Newspaper Page Text
Lyon County Times.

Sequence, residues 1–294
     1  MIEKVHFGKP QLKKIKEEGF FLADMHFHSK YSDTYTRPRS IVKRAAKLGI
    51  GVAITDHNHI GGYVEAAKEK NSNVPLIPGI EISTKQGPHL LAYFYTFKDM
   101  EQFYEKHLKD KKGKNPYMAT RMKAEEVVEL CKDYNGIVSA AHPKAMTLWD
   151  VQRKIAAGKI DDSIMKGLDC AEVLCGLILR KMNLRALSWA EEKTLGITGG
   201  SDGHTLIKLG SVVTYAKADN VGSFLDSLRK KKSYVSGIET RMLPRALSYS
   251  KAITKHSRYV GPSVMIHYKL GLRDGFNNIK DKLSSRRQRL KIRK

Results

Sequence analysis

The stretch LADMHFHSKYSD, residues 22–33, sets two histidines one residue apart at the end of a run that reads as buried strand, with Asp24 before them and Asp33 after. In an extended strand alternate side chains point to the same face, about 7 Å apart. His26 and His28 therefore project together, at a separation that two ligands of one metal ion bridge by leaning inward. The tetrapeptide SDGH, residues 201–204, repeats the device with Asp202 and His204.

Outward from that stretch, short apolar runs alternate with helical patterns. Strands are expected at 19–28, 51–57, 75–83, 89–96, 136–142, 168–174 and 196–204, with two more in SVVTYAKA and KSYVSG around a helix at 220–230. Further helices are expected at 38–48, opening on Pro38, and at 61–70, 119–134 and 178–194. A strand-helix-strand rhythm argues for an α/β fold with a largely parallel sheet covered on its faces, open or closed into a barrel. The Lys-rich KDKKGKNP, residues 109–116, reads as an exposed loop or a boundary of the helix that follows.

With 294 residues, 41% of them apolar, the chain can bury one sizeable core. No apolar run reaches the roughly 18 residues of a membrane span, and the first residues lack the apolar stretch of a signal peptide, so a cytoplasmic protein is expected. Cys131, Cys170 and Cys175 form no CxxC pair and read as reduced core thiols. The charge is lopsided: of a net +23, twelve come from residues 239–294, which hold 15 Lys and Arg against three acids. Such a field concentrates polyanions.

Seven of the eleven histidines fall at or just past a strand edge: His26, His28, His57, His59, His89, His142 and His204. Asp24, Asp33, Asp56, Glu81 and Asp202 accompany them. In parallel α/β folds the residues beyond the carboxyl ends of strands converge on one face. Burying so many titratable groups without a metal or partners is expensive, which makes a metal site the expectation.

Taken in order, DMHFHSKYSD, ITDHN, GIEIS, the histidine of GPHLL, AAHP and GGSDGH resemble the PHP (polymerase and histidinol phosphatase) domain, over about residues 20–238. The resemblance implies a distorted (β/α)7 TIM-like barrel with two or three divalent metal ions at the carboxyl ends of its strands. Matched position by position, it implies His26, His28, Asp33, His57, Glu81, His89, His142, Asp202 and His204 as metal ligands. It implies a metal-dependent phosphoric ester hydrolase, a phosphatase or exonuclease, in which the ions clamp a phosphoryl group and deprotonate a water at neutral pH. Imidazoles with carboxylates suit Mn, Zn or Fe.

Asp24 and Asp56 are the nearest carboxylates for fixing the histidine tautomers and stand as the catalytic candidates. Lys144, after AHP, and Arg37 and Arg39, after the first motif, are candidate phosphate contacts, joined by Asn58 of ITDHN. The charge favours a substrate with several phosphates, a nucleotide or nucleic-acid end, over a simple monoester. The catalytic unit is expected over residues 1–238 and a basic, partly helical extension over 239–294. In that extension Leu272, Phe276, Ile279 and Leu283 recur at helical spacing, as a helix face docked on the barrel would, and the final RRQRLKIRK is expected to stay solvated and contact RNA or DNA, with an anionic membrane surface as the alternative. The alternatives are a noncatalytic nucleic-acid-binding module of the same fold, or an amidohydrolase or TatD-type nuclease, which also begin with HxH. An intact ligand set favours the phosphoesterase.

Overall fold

y0l XLVU. Yerington, Nevada, Saturday, January 14, 1905. No. 2. LYON COUNTY TIMES. published every Saturday morning by 3". W. 37-AtriBA3W2£8 Editor and Proprietor One Year..i 3-°° Si* Months.. i*75 Sir glc Copies.. ... All isubscriptions must he paid in advance. OFFICIAL DIRECTORY. tutted Ntnirh bovernnrni President. . Secretary of State .secretary sjf ,Trcasury Secretary of War . Secretary of Navy. Postmaster General. 84 < i dai y "f Intelior Attorney General. Secretary of Agriculture. Secretary of Commerce ...Theodore Roosevelt J*.hn Ray .John W. Shaw Rlihu Root . William Moody . Henry C. Payne Ethan A. Hitchcock _P. C. K nox .James Wilson .Geo. B. Cortelyou Mtate of Kevnda United States J. Senators 1 . -. Congressman. Governor. . Lieutenant Governor Judges of Supreme Court State Treasurer.. .. Secretary ot State. State Controller . Attorney General.. Surveyor General. Mate punter. - — Supt. Public instruction . District Judges William M Stewart . F. C». Newlauds C. 1). VanDuzer . _John Sparks .Lemuel Allen .C. II Belknap .. A. L. Fitzgerald G I- Talbot _ 1> M. Ryan W. G. Douglass . S. P. Davis . J. G. Sweeney . K. D Kelley . Andrew Maute . . Orvis Ring M A. Murphy _ Peter Breen B. F. Curler G. S Brown M. S. Bonniheld Lyon t’onnty Judge of the District Court, btate Senator. Assemblymen j Sheriff and Assessor. Clerk and Treasurer. Auditor and Recorder. District Attorney . Public Administrator . ((imex team) Commissioners < (long term) ((short term) M A Murphy J. H. Gallagher K II. Whit acre . J. J. Winn D P Randall D. W. Melarkey _F. W'. Downey . John l.othrop _C. C. Braun W. K Penrose C C 1111 nei Byron Gates NKW$PAPHM LAW J Subscribers who do not give. exyress notice to thr contrary art considered as icishing to continue their subscription. t If subscribers order the discontinuance of their periodicals, the publisher may continue to send them until all arrears are. paid. 3 If subscribers neglect or refuse to take their pe riodicals from the office t« which they are directed, they are hehl responsible till they hare settled their bill and ordered their paper discontinued. i If subscribers move to other places without imfnrming the publisher, and the paper is sent to the former directum, they are held responsible. S The courts hare decided that refusing to take periodicals from the office, or remawing and leaving them uncalled for, is prima facie evidence of inten tional fraud. fl. Any person who eceives a newspaper and makes use of it, whether he has subscribed for it or not, is held in laic os a subscriber. 7. The Postmaster who neglects to (five the legal notice of the neglect of a person to take from the of fice the newspaper addressed to him is liable to the publisher for the subscription price. J. I). Coll ins BLACKSMITH, WAGON-MAKER, HORSKSHOEK, Upper Main Street, Yerlngton, Nev. Repairing of ail kind* done promptly and well at reasonable prices. I make a specialty of Wagon Making & Repairing for Teamsters. visit DR. JORDAN S great MUSEUM UF AMATUMY 1MI MUIR H.. IUI1UCUC0, CJL. The Largest Anatomies) Museum in the World. Weaknesses o« an* contracted disease yltlrsly emrwd ny the oldest OIL JORDAN—DlSEASESoV MEN ■TraiLIf thoroughly eradi. ated from system without the use of ■erewry Trmsuhtted by an Etpffrt Ml ewe for Maplam. A quirk and radical cure for Vllem. fU«»rr and riatalw. by Dr Jordan's special pain less methods. Consultation free and strictly pdvtte Teehtment per _.11 __ k- i.ik.. a 1Um«m IWi in rv cave , I „„ __iv».y . II■ -- - tonally off b» letter. A JhiiWi OaafcWery «»• mdffrtaltee. VrMr fbr Book. Ll , — ,~v._‘MV af ■ ARBIASK. MAIUUA I'lUAU. (A valuable twok for men.) Call off write t DR JORDAN S CO.. lOBt U.rVet St. S F. ®—----♦ G. I. LEAVITT, Ml. D. PHYSICIAN AND SURGEON Office in Plummer building, Yerington. Telephone communication with residence. •-—— —♦ ECZEMA AND PILE CURE. T?T) XT' Tp Knowing what U was to suffer, r rvCylir. 1 will give PKKEOKCHAIIOEtO any afflicted, a positive cure for Kcxema, Salt Rheum, Hrysipelas, Piles and skin diseases. In* ■ta»it relief. Don’t suffer longer. Write F. W. WILLIAMS, 400 Manhattan Ave., New York. A LITTLE FARM WELL TILLED. Interesting Sociological Features of the Great National Irri« gation System. Some of the sociological factors in the national irrigotion move ment was the theme of an address a couple of weeks ago before the Philadelphia Congress of the American Association for the Ad vancement of Science, by Guy E. Mitchell, an extensiv'c Writer on irrigation and public land subjects. No question before the public today, Mr. Mitchell declared, pre sents more interesting sociological phases than does the national irri gation question in America, not only through the great number of homes to be created by artificially; watering desert wastes, but through the far reaching effect of the working out of a great gov ernment irrigation policy and the general education of the Ameri can people on the advantages of this practice both west and east. The social side of irrigation can be described in the single clause: Irrigation divides and sub-divides land into small home tracts. Irrigated communities average the smallest farms in the world. The west contains thousands of five- and ten-acre farms from which men are making comforta ble livings. The social conditions of some of the most intensely irri gated tracts are, perhaps, the most nearly perfect of those of any communities in the world. Now, the effect of the great gov ernment irrigation works, which are being pushed rapidly forward, will be to create a western empire of new homes and at the same time to incidentally thoroughly educate the people of the entire country on the subject of irriga tion. The consequence will be that irrigation practices will final ly enthrall the eastern farmer. The facts as they exist in Euro pean countries show that irriga tion can be practiced with great profit on land which has sufficient rainfall to grow paying crops. Ir rigation is a crop insurer besides guaranteeing double yields, and when it is applied to eastern farm lands the result will be to divide them into still smaller and better tilled tracts. ■ ■■■■■■■—-.—.—. ■■■■= . The Work of Reclamation Moves Apace. At the recent Irrigation Cong ress held in El Paso, F. H. Newell, Director and Chief Engineer of the Reclamation Service, with sev eral of his aids, was present throughout the session, getting all possible information to assist him in carrying out the great respon sibilities imposed by that law un der which nearly thirty millions of dollars are already available for national irrigation works. The delegates represented all classes and occupations of people, from all parts of the country. They recognized that nearly one hund red million acres of land are capa ble of development in the course of coming years, under the irriga tion act, yet without any direct expense to the taxpayers, since the funds for the purpose come from the sale of public lands and are repaid by the settlers on the new lands put under irrigation. When the work is finished it will have cost in the neighboahood of three and a half billion dollars, but this is only two per cent, on the property values of the nation today. As soon as some of the projects now under way are com pleted the revenue for further work will be largely increased as the sale of lands will be greatly increased. Then the United States will have between the I oceans a home market of greater worth to our producers than if we had the exclusive market of all of Europe and several other countries combined. VOTE OF THE STATE. CANDIDATES. Presidential Hectors - Ahem. Rep. Rutter. Rep . Plumb. Rep . lteck, Pop. McCullough, Pop ... McCormick, Pop.. Clark. Deni . Hessou, Detn ... Kendall. Dem Cordfll, Soc. Anderson. Soc. Rose, Soc. Congressman - Yerinffton, Rep Van Duzer, Dem Sadler. Sit. Jastlcf Supreme C.ourt Noreroas, Rep. Bartine, Dem . University Regent, i I-* Smith, Rep.. Circe, Dem. University Regent, s t— Starrett, Rep. Boyle, Dein. Constitutional Amendment Yes. No . r J k 226 394 485, 387 485 ji&.i 485 l6| *6| 16 37 * 37* 37* 270 35* 545 674 4i* 43 34 *5*7 *5*4 150S 67 69 *7 721 714 7*3 *49 *45 *43 1166 *05 1445 969 1241 1093 p. I c 5 : sr 397 *05 24* *34 3*' 227 235 2251 236 128 Yerington Creamery Company --manufacturers of-— Superior Creamery Butter. Creamery located Two Miles South of Yerington. Address all Communications to Yerington Creamery Co. HORSE TALK. See to it that the harness fits the horse. Home-made sheepskin pads are good for an emergency. Examine the feet often and look for lodgements of small stones. Let the horse go shoeless rather than travel in too long worn shoes. Use the currycomb, but use it mercifully. It’s the dirt you are after, not the skin. Steer clear of bad shoeing; em ploy a skilled blacksmith, and he, even, may need watching. Use a yielding check-rein, never so tight as to prevent the lowering of the head when working. The proper breaking of a colt determines in large part the fu ture esefulness of the horse. No horse should be asked to feed overhead as though he was a nat ural tree-feeder like a giraffe. An old saying is that eggs and colts are much alike, for they must be broken before they can be used. The stiff scrubbing brush the wife uses in house cleaning is a good and merciful horse cleaner. But do not appropriate hers. . So treat the horses that they will be glad to see you come into their stable and not act as though they would like to climb through the roof. Don't urge the steady going farm horse beyond his natural gait when on the road. It will be felt afterwards as a very trying ex ertion. An authority on the subject de clares that many cases of defect ive eyesight in horses are caused by wearing tight collars, which in terfere with the circulation of the blood to the head. The horse, the most useful of all animals, is the one marked for the most of mail’s ill-treatment. Worked to its full capacity, cared for only to the degree that selfish interest prompts, the animal is de livered over as the unprotected object of the uurestrained passion of man. Be kind to your horse and he will work for you without complaint. Manners and American Youth. “The backbone of the American code of hehavior is that when a woman needs help a man should give help. The foreigner’s idea is that at fitting times he should offer incense.” This neat summing up of “the ways of a man with a maid” occurs in a discussion in The New Idea Woman’s Magazine for February on “Why Our Girls Marry Foreigners.” It is doubt ful whether Mrs. Jean Holden, the writer of the article, has hit the only true solution of this per plexing problem, although it is possible that the disinclination of the American man to bow, to open doors and to offer up incense may have something to do with the easy manner in which American heiresses are induced to restore the fallen fortunes of foreign aris tocrats. Yet it cannot but be re marked that the number of wealthy American girls who still marry happily in their native land is sufficient to reassure American youth, and at the same time vindi cate, if it is a case of vindicating, real feeling against a superficial display which may cover a nature lacking in any sterling quality. (CURES1 FstomachI *1 'HE body get* it* life from 1 food properly digested. Healthy digestion meant pare blood for the body, but stomach troubles arise from carelessness in eating and stomacl^ disorder* upset the entire system. Improp erly masticated food sou _Jy masticated rood some on the stomach, causing distressing pains, belching and nausea. When over-eating is persisted in the stomach becomes weakened and worn out and dyspepsia claims the victim. Thedford’s Black-Draught cures dyspepsia. It frees the stomach and bowels of congested matter and gives the stomach new life. The stomach is quickly invigorated and the natural stimulation results in a good appetite, with the power to thor oughly digest food. You can build up your stomach with this mild and natural remedy. Try Thedford’s Black Draught today. You caa buy a package from your dealer for 25c. If he does not keep it, send the money to The Chattanooga Medicine Co., Chattanooga, Tenn., and a package will be mailed you. THEDFORD’S BIACK-DRAUGHT BEAL ESTATE! Bargains in Ranch and Town Property. E. H. WHITACRE, YERINGTON, NEVADA, Handles all kinds of Real Es tate propositions, Ranches, Water Rights, Mining Property, Town Lots, Etc. SPECIAL BARGAIN-A nice three room house in Craig's Addition; large lot and new adobe cellar. An excel lent bargain is offered purchaser of this property. John Lothrop^ Attomey^at^Law and Notary Public. Will practice in all Courts in the State. Office in the Court House, Dayton, Nevada. *--• H. PILKINCTON, LL. B. Attorney and Counskllor-at-Law Notary Public Office — Virginia Street, Craig’s Addition Yerington, Nev. ♦-—-4 E. H. WHITACRE, NOTARY PUBLIC. Office in Oem Tonsorial Parlors. Main 8t., Yerington, Nevada.